For the second time this season, the Broncos enter a do-or-die game. This time, however, it doesn’t come against the hapless Cardinals.
This time, the Broncos’ coaching staff will have to fight for their jobs against a red-hot Texans team that has won five straight. Denver’s coaching staff aren’t the only ones with a lot a riding on this game. Now, of course, Demaryius Thomas‘ revenge game will be the focus of most of this game’s coverage, but the bigger story in Denver should be the coaching staff. With a loss, Denver will enter the bye week 3-6 with losses in six of their last seven. To make matters worse, two of those wins came against the Cardinals and Raiders, who appear to be the worst teams in the league.
The good news? Vance Joseph is undefeated in win-or-get-fired games.
The strongest position group for Houston is, without much doubt, their edge rushing duo of J.J. Watt and Jadeveon Clowney. Before a series of injuries that forced Watt to miss just over 75% of Houston’s games in the 2016 and 2017 seasons, he was the most dominant defensive player in the league.
Watt won three out of four Defensive Player of the Year awards from 2012-2015, a feat that’s never done by any other player. In fact, the only other player with three DPOY awards, Lawrence Taylor, earned his over a six-year span.
Watt may be back to form, as he currently is tied for second in the league for sacks (with Von Miller, among others) with a total of eight sacks. Considering that Watt and Clowney have a favorable matchup against the Broncos’ tackles, Case Keenum may be in for a loooong day.
Fortunately for the Broncos, they should be able to match Houston’s pass rush. One thing they won’t be able to match, however, will be Houston’s quarterback play. After a rocky start, Texans’ quarterback Deshaun Watson has caught fire as of late.
In Houston’s most recent game, a 42-23 win over the Dolphins, Watson was a machine; he threw for 239 yards and five scores, while also having his fewest rushing attempts of the season. Watson’s blend of mobility and pocket prowess makes him a headache for any team, especially a team with as shaky a secondary as the Broncos.
The greatest challenge Houston will present to the Broncos though will be their ability to take away Denver’s ground attack. Denver’s identity since 2015 has been their stout defense, but as the defense has declined, the Broncos have been forced to transition to more of a ground-and-pound rushing attack. The Texans need to stop the Broncos’ run game and force Keenum to throw as many times as possible.
However, unlike the Chiefs, Houston has the personnel to do so. Houston’s front seven is among the best in the league, with linebackers Whitney Mercilus, Benardrick McKinney and Zach Cunningham to go with the defensive line led by Watt and Clowney. Houston ranks among the elite run-stuffing teams, according to Pro Football Focus – the Texans find themselves in the top four teams in terms of number of run stuffs and average depth of tackle.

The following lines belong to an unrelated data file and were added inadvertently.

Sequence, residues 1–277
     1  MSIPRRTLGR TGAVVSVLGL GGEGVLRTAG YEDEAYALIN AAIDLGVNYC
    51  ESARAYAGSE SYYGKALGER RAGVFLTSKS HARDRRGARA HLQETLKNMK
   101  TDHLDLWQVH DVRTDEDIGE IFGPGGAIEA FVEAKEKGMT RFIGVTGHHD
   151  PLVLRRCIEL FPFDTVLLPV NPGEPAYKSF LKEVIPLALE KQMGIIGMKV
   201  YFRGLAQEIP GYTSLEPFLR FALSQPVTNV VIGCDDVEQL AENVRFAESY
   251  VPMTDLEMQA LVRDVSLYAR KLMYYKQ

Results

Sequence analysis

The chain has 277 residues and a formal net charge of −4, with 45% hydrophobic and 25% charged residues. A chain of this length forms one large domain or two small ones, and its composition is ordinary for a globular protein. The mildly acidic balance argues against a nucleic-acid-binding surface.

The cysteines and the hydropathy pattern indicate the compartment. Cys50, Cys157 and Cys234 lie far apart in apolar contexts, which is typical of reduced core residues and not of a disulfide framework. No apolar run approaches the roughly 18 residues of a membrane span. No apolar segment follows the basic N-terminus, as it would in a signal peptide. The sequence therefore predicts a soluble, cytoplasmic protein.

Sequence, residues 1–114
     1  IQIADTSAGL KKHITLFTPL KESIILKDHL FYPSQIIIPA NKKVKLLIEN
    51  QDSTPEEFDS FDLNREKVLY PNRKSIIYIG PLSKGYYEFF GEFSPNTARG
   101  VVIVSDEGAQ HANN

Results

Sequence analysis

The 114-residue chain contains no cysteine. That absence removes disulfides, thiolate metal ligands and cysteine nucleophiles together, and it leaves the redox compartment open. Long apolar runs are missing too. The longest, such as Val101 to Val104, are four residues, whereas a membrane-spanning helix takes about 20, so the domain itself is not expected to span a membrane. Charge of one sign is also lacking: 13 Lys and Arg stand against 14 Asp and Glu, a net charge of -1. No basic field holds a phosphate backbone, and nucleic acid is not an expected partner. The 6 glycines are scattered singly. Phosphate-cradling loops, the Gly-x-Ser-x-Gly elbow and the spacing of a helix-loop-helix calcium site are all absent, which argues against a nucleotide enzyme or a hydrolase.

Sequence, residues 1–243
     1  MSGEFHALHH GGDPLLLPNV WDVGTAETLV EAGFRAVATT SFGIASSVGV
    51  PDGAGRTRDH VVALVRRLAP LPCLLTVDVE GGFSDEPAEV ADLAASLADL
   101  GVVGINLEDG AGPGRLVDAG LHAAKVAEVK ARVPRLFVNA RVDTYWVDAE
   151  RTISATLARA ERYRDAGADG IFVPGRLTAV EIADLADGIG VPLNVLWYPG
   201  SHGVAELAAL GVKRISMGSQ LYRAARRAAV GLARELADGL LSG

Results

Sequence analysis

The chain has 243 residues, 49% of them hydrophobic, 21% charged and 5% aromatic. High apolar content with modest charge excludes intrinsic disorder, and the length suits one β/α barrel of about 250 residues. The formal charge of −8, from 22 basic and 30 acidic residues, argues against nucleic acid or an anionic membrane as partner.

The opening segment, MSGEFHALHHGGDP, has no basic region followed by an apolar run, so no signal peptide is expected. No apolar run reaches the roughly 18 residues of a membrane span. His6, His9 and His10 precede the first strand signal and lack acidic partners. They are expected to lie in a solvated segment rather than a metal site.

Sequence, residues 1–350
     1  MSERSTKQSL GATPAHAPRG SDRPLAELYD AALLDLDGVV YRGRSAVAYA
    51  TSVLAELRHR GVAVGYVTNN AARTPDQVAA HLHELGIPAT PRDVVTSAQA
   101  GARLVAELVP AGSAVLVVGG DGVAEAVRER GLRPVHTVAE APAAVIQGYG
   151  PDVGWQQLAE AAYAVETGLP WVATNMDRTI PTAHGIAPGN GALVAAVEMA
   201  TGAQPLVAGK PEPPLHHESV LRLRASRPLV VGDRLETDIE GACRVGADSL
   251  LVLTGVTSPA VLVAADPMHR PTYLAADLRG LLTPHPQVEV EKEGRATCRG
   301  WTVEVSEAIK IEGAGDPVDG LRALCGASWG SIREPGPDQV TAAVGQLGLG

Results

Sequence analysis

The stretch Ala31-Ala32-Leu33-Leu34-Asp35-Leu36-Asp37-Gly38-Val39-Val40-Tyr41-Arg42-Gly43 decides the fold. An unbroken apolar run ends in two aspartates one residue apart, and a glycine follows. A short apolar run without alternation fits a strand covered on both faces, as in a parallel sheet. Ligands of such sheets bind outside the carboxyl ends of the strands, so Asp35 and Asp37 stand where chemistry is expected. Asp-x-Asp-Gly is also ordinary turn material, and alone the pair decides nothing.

According to PFF, the Texans’ offensive line has been among the worst in football since trading left tackle Duane Brown to the Seahawks last year. Houston has allowed the fifth-most sacks in the league this season with 14, over 50% more than the Broncos’ offensive line, and is tied for the most quarterback hits allowed with 24, almost three times more than Denver.
Houston also ranks ahead of only the Cardinals in terms of pass-blocking efficiency and percentage of snaps where pressure was allowed, as they allow pressure on almost 40% of Watson’s dropbacks.
The Broncos’ tenacious pass rush should be able to tee off on Watson as the Texans’ running game poses little threat to Denver’s defense. Running back Lamar Miller hasn’t been a game-changer for the Texans. Miller has been bottled up for much of the year, averaging only 63 yards per game with just one touchdown on the season so far.
Miller’s partner in the backfield, running back Alfred Blue, hasn’t done much to help Miller in the absence of second-year running back D’onta Foreman. Over the Texans’ five-game win streak, Blue has averaged a mere 34.6 yards per game.
Because of this, Houston has been forced to turn to their passing attack more, which took a huge hit last Thursday night when wide receiver Will Fuller tore his ACL against the Dolphins. Fuller was an important part of the Texans’ offense, as his speed forced opposing defenses to play further off the ball. This gave Watson and Hopkins more space to work with that they now won’t have.
Houston has tried to remedy their shallow receiving core by trading for former Bronco Demaryius Thomas. However, considering this is Thomas’ first week in an entirely new offense, it seems unlikely that he’d have a high snap count. Even if Thomas plays every snap, he still would be a downgrade from Fuller. This could give Denver’s secondary the rare opportunity to exploit a shallow receiving core.
The Broncos will host the Texans Nov. 4th at Broncos Stadium at Mile High at 2:05 MDT.